The Addams Family is a fun update to an iconic American clan
Dating back to 1938, the Addams Family is one of the most influential American pop culture families of the past hundred years. They debuted the same year as Superman, and they even rival him in terms of the indelible mark they’ve left upon culture. Their start was classier than that of the Man of Steel, first appearing in single panel comics in The New Yorker, but they have also been adapted into just about every medium in existence at one point or another. Not only that, but they are a major influence on the goth subculture, and endure as icons even when they are not actively represented in media.
This new film is the first animated feature to star the ‘mysterious and spooky’ family, and establishes a new status quo without feeling like a full origin story. Opening with a prologue about the wedding of Gomez (Oscar Isaac) and Morticia (Charlize Theron) in which the Addams clan is evicted from the old world, the newlyweds decide to relocate to New Jersey. A few years later, their daughter Wednesday (Chloë Grace Moretz) is curious about the outside world, and their son Pugsley (Finn Wolfhard) prepares for a rite of passage to manhood. Gomez’ brother Fester (Nick Kroll) arrives early to help Pugsley prepare, as does his mother (Bette Midler). When the swamp near their Victorian mansion is filled in to build an idyllic new town, the Addams come into conflict with television home makeover star Margaux Needler (Allison Janney).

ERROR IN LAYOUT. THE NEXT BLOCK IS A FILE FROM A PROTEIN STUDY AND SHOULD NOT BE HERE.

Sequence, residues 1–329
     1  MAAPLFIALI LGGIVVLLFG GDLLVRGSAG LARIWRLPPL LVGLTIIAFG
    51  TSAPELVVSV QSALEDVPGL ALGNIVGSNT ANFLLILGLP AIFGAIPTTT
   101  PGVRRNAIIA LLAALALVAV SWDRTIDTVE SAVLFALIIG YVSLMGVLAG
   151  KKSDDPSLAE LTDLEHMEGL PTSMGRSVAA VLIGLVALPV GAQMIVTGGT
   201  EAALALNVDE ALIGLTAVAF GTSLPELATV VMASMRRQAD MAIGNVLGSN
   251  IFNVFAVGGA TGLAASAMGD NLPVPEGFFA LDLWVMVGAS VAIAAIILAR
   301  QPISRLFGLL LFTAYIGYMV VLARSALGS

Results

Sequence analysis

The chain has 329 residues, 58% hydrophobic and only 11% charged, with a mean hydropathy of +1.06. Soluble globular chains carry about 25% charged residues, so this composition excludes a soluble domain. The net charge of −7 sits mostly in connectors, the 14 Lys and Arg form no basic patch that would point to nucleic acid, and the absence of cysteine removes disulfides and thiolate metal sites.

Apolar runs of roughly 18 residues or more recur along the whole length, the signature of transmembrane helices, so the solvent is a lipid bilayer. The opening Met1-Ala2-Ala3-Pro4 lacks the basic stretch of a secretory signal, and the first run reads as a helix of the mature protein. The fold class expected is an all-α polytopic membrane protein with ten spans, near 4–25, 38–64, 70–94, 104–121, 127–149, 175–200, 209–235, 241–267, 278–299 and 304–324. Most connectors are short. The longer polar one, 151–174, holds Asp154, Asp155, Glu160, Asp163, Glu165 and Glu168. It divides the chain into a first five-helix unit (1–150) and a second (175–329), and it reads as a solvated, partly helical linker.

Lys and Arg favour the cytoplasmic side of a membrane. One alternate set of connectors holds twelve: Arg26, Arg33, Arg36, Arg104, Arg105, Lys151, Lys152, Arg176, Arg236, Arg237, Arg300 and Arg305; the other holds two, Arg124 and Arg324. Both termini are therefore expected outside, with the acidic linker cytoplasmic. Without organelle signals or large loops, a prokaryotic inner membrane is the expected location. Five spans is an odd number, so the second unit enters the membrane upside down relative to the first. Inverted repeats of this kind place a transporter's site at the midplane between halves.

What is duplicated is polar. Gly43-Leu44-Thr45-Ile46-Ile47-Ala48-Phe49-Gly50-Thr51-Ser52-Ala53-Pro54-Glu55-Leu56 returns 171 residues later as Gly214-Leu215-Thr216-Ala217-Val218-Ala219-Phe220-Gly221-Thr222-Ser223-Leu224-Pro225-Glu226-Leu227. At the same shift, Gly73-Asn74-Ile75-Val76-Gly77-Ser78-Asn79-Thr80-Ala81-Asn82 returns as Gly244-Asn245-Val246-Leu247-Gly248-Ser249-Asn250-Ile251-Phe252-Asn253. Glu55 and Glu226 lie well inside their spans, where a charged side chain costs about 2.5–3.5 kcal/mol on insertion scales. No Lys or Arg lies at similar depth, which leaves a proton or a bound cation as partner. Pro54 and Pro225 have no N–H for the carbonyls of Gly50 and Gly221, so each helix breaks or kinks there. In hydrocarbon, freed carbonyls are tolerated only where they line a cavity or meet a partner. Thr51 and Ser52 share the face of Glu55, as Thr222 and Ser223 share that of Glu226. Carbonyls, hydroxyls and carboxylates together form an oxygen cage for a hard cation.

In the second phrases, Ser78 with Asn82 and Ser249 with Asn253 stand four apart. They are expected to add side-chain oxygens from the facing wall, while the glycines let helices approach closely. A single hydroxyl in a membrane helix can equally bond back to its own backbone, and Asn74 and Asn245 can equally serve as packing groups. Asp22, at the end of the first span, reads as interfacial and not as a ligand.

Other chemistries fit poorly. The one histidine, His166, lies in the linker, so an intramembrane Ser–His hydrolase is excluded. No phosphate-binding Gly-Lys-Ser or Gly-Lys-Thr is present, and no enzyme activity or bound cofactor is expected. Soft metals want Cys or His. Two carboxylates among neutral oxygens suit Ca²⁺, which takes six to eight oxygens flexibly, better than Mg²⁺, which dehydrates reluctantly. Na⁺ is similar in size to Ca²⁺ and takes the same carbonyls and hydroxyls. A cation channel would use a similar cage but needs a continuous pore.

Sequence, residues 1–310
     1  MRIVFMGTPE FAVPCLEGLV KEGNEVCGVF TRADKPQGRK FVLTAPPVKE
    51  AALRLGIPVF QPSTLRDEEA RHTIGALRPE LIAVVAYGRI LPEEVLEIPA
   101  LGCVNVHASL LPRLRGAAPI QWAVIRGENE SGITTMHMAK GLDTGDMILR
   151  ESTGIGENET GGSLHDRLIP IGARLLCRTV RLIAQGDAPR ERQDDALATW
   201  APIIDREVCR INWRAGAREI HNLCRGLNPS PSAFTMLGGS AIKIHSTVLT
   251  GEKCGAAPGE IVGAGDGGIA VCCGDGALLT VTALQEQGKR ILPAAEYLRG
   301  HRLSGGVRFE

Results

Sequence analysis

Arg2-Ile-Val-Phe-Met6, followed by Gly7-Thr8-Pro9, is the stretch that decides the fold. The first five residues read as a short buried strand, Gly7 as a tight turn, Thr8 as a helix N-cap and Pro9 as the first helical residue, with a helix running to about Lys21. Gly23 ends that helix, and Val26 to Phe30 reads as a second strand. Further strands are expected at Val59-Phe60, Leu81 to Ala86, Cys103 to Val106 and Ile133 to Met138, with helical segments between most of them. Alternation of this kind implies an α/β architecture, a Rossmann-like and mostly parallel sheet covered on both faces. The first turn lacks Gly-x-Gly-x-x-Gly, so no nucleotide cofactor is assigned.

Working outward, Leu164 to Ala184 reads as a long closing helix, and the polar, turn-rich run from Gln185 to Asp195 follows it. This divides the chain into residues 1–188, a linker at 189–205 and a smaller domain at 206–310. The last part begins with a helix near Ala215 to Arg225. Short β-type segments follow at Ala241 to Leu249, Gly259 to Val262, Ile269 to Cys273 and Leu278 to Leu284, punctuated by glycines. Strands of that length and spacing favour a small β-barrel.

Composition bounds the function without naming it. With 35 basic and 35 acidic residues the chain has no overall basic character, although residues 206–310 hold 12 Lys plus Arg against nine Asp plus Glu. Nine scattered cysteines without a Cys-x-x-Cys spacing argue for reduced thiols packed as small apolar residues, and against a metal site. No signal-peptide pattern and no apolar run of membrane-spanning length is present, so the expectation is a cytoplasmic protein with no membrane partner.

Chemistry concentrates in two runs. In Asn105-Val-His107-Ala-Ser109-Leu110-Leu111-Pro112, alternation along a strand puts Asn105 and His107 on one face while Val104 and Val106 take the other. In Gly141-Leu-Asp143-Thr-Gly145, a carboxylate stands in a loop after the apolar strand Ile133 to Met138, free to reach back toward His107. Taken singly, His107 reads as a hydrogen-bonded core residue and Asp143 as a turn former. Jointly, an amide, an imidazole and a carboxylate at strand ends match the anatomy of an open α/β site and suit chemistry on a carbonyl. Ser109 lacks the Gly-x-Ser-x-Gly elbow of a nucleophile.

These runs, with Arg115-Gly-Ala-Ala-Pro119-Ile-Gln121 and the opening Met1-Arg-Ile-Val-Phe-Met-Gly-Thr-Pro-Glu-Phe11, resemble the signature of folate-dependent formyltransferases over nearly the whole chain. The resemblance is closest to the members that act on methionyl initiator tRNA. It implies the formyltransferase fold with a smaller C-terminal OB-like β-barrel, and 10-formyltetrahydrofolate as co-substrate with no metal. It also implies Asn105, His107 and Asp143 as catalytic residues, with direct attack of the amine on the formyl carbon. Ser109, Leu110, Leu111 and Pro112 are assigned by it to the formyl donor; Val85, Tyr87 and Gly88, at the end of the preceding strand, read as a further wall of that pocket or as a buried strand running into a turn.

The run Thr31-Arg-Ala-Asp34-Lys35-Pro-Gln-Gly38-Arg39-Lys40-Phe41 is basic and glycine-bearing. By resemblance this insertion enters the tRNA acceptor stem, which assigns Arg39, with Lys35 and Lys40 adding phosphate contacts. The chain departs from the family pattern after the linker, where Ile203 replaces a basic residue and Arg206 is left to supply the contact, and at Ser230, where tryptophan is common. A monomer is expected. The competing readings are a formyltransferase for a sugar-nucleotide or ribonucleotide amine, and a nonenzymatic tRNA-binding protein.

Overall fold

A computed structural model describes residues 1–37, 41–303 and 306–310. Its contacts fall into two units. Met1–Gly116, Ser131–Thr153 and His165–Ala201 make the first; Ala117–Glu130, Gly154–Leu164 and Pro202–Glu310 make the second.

This origin casts the Addams family as an immigrant story, and the film leans so hard into the theme of accepting those different from us and valuing diversity over conformity, that even children will likely pick up on it in ways that more sophisticated theming might pass them by. And that’s not a bad thing. The Addams family has often been used this way before, and much of their charm comes from the fact that despite their unorthodox appearance and activities, they embody the American family values of love, kinship, and open-mindedness as a contrast to the more conventional people they meet.
The film balances the push-pull between vignette and central narrative very well, and the pace is brisk enough where nothing overstays its welcome. Amazingly, for a film that is a full on cartoon, embracing its unreality in ways we rarely see from Pixar or Disney these days, it recognizes that less is more. There’s so many fun things just sprinkled throughout the film which makes it a fun watch because it’s constantly surprising the audience with new things to take in. The humor is nicely balanced, embracing physical comedy and sly references to everything from Watchmen to Invasion of the Body Snatchers.
For a new film of a property as iconic as The Addams Family to be so focused on entertaining its audience while retaining what makes it iconic in the first place is exactly what is needed. It’s a worthy diversion this Halloween season, especially for families.
The Addams Family opens in Philly theaters today.